herald

Tuesday 16 October 2018

5.000 HSE staff sick very day

A SHOCKING 5,000 health service workers call in sick every day, it has been revealed.

The sick leave scandal -- which costs the HSE €284m a year -- was called 'the black hole' of the health service.

The problem even affects Minister James Reilly's own office where eight staff were sick at a cost of €140,000 in 12 months.

It also emerged today that many civil servants miraculously recover from illness when their pay is about to be cut.

New figures show an astonishing 68pc drop in long term sick leave at the magical six month mark, when pay is slashed.

The problem of workers going sick is particularly acute in the HSE.

A total of 1,483 workers were on fully paid sick leave for between three and six months, at a cost of €18.4m, over the last four years.

Critics described the problem as a "black hole" where the money could be better spent on services for hospitals and local clinics.

Information released by Dr Reilly shows illness payments to the workers based at the Department of Health and Children's Hawkins House office came to €139,354.

The data was revealed as the minister was urged to tackle the sick leave “black hole” in the health service.

Some 5,000 health service staff call in sick each day.

The latest information on the eight Department of Health employees on long-term illness relates only to Dr Reilly's office where two employees at higher executive officer grade cost €45,012 in sick leave, while a further two at executive officer grade cost €37,772.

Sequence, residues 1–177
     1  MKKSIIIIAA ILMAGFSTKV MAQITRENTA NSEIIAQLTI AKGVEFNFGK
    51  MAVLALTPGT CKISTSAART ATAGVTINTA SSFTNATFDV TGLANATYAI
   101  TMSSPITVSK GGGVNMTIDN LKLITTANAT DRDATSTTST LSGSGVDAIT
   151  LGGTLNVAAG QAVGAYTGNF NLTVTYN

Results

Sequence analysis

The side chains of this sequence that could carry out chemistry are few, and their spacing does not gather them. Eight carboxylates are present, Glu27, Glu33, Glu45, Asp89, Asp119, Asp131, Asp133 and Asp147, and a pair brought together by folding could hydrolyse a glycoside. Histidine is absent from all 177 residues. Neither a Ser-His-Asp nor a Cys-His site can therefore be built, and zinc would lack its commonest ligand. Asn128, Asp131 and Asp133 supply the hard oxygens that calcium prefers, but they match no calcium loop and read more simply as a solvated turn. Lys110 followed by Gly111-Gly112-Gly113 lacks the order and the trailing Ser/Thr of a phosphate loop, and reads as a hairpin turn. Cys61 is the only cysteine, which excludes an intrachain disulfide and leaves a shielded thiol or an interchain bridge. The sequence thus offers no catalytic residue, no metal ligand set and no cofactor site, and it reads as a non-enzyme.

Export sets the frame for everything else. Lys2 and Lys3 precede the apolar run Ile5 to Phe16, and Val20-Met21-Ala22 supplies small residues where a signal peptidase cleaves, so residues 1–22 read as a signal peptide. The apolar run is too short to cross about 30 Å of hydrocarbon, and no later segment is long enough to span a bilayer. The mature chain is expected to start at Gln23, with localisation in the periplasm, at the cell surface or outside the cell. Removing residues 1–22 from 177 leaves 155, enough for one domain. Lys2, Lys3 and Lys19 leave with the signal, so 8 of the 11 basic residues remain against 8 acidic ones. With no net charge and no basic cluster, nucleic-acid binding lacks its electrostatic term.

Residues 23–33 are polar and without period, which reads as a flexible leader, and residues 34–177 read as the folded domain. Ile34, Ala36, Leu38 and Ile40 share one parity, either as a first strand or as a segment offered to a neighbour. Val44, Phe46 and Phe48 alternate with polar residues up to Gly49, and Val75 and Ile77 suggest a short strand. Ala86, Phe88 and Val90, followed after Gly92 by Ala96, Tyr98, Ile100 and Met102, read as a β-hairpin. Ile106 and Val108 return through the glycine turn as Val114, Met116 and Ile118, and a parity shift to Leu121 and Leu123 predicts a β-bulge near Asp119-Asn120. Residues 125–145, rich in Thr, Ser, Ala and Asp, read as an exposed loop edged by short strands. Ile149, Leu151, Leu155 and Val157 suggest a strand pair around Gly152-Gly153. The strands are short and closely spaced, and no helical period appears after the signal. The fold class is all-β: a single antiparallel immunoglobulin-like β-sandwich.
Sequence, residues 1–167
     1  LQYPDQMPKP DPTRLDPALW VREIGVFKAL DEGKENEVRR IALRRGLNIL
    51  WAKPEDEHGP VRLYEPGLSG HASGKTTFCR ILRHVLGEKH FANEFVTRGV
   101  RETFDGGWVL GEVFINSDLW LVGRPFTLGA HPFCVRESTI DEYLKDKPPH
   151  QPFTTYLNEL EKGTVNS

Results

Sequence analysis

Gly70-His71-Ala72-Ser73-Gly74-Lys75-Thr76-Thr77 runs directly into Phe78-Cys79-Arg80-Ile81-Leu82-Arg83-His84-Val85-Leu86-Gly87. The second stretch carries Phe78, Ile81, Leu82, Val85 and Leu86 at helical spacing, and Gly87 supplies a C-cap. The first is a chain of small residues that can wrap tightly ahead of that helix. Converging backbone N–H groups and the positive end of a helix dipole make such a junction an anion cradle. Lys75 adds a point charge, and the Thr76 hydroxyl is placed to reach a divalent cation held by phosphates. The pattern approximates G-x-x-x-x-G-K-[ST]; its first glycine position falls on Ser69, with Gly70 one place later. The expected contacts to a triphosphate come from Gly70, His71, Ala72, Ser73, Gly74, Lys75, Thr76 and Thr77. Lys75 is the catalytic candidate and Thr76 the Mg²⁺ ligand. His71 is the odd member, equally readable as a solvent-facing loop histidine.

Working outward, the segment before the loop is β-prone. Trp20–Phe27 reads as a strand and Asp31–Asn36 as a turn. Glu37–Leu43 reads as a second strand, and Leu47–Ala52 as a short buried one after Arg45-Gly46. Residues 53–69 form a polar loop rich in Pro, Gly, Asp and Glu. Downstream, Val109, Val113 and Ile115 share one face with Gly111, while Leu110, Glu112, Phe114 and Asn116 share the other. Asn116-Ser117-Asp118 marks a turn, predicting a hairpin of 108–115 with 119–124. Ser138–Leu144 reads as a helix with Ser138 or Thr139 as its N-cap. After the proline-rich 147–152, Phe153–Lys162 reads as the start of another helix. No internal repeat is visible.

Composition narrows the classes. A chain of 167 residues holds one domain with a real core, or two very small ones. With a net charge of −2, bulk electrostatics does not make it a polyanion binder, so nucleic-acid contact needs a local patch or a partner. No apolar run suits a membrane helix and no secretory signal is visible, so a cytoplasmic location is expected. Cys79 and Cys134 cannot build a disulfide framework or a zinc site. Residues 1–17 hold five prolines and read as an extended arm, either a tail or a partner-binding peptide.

Payments

The payments for an assistant principal officer and staff officer came to €18,964 and €11,573, respectively, while the sum for two clerical officers was €26,033.

“All of the absences are due to sick leave, uncertified and certified, and relate to staff in Hawkins House,” Dr Reilly stated in a reply to Sinn Fein's Caoimhghin O Caolain.

However, the sums are only a tiny fraction of the overall amount, with HSE and non-commercial semi-State companies now compiling similar details for Mr O Caolain.

The TD had wanted to know the number of staff within the minister's department in receipt of full salary but who have been unable to attend work for a period of at least three of the past 12 months.

Fianna Fail spokesman on health Billy Kelleher urged the minister to put in place a system to analyse sickness in more detail.

“People may be under stress at work. Systems should be put in place to make sure people are not under pressure. If there are abuses, that issue has to be addressed,” Mr Kelleher said.

hnews@herald.ie

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